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Car Review

McLaren Senna review

Published: 26 Jun 2018


What is it like on the inside?

Lots of cars have doors that open upwards. Very few have doors that feel as light in the hand as these. Or that the gravel tinkles out as the 9kg weight (less than half the mass of a P1 door) is pushed up on unique hydraulic struts. Yep, the air channels in the panels are a great gathering point for road debris thrown up by the front wheels.

Moving on. Fixed back carbon shelled seats, each weighing a mere 8kg, are not the most cosseting, but depending on your - ahem - build, can be had in one of two widths. Once harnessed in you feel much more in tune with the car, it feels right that getting ready involves more than just clipping in a single seatbelt. Visibility is good on the whole, with narrow A-pillars and good separation between them and the exterior mirrors, and can I urge you to opt for the extra glass panels in the roof and doors, if only for the extra light they let in.

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The cabin itself strikes a fine balance between stripped-out racer and modestly equipped road racer. There is a margin in there somewhere. The Senna comes across as very purposeful, thinly padded and bare of carbon, but with all the equipment necessary to at least be tolerable on the road.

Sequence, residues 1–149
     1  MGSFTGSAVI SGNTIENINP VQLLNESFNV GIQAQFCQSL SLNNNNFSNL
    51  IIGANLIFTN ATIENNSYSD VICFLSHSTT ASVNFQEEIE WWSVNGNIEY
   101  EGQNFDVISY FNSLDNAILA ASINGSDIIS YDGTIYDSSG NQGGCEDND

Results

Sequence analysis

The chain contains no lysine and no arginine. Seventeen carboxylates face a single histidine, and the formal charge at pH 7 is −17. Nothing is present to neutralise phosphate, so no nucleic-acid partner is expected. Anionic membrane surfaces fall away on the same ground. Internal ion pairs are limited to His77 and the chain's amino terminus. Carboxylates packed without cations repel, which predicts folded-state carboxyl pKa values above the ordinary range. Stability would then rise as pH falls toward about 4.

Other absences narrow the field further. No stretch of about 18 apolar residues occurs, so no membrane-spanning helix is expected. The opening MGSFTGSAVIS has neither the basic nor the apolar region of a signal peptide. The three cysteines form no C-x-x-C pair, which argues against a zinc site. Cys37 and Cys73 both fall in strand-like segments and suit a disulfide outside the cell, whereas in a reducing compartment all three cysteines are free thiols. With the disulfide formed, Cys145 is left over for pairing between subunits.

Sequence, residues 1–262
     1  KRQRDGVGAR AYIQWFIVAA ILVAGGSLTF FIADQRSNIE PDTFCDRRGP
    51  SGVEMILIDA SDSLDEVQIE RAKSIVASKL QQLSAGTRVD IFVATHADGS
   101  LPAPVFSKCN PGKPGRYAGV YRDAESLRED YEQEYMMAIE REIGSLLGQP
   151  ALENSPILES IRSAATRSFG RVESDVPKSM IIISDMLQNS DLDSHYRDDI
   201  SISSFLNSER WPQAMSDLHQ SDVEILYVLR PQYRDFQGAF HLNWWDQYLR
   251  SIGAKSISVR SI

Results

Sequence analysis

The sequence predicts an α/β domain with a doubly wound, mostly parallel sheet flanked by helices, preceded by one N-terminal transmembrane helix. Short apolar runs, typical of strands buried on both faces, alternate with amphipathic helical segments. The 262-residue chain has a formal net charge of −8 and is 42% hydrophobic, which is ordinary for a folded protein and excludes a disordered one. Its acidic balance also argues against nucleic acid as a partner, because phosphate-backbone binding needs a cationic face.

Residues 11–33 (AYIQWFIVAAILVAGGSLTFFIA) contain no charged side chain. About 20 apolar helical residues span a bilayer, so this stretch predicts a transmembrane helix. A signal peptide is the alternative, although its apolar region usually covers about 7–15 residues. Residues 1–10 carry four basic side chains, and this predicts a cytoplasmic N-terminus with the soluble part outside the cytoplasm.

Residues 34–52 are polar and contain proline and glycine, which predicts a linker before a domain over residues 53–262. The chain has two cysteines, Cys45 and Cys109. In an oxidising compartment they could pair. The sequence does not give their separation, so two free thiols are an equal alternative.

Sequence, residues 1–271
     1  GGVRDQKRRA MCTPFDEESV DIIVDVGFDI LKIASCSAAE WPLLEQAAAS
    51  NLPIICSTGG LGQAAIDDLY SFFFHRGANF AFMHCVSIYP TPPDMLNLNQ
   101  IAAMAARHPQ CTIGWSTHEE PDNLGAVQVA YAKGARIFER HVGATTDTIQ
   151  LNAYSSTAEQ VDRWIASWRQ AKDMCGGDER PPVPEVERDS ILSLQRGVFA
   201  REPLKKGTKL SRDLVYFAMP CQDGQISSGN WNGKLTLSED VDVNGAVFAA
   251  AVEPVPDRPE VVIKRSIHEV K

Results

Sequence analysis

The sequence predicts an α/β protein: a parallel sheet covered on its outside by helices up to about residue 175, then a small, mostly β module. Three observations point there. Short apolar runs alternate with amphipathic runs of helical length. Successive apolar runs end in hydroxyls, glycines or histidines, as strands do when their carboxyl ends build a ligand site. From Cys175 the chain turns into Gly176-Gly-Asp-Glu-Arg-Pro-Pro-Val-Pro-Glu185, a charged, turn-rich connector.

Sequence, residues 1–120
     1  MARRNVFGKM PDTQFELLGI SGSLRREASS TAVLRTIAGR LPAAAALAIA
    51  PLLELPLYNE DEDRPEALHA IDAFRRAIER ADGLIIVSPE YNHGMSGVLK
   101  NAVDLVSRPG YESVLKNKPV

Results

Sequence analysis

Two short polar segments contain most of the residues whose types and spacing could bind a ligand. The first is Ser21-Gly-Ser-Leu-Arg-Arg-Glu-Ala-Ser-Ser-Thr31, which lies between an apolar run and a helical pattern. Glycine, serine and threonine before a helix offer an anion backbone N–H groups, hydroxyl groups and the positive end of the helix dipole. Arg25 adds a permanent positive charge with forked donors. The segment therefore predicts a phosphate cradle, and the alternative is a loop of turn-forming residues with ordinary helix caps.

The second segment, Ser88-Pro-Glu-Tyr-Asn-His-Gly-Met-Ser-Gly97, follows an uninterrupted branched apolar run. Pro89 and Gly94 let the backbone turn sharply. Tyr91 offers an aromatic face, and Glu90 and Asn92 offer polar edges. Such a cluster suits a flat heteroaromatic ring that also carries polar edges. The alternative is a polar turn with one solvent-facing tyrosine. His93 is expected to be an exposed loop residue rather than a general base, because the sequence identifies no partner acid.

And it feels like an event. You don’t have much opportunity to look out the lower glass panels when you’re driving, but they nevertheless manage to add something to the experience. So to does having the starter button in the roof panel (also up there are the switches for the windows and door releases), and the sensation that the engine is bolted direct to the frame. It’s all a reminder that the Senna is not your standard run-of-the-mill hypercar, but something with a very specific mindset.

There’s plenty more evidence for that when you delve into the infotainment system. Not only does the Senna have the nifty flip-up dash display a la 720S, but also a specific track app. McLaren Track Telemetry (MTT) is an option that not only captures data from each lap, but also can - for a further additional cost - come with three cameras: one looking forward from the windscreen, one backwards from the tail and the last mounted between the seats. Suspect that’ll be a more costly option than a regular dashcam.

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